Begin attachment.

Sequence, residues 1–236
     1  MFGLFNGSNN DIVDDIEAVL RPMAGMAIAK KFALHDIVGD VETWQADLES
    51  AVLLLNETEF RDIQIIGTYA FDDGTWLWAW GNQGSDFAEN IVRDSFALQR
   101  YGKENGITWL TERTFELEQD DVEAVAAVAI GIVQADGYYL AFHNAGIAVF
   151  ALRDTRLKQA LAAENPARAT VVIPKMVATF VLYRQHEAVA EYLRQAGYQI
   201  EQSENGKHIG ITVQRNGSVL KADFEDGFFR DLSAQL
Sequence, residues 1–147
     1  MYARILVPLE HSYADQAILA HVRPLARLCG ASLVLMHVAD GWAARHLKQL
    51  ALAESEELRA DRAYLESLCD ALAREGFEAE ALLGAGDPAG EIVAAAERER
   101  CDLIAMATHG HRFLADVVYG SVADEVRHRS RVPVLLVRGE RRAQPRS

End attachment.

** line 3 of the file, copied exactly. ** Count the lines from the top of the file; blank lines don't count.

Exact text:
    51  AVLLLNETEF RDIQIIGTYA FDDGTWLWAW GNQGSDFAEN IVRDSFALQR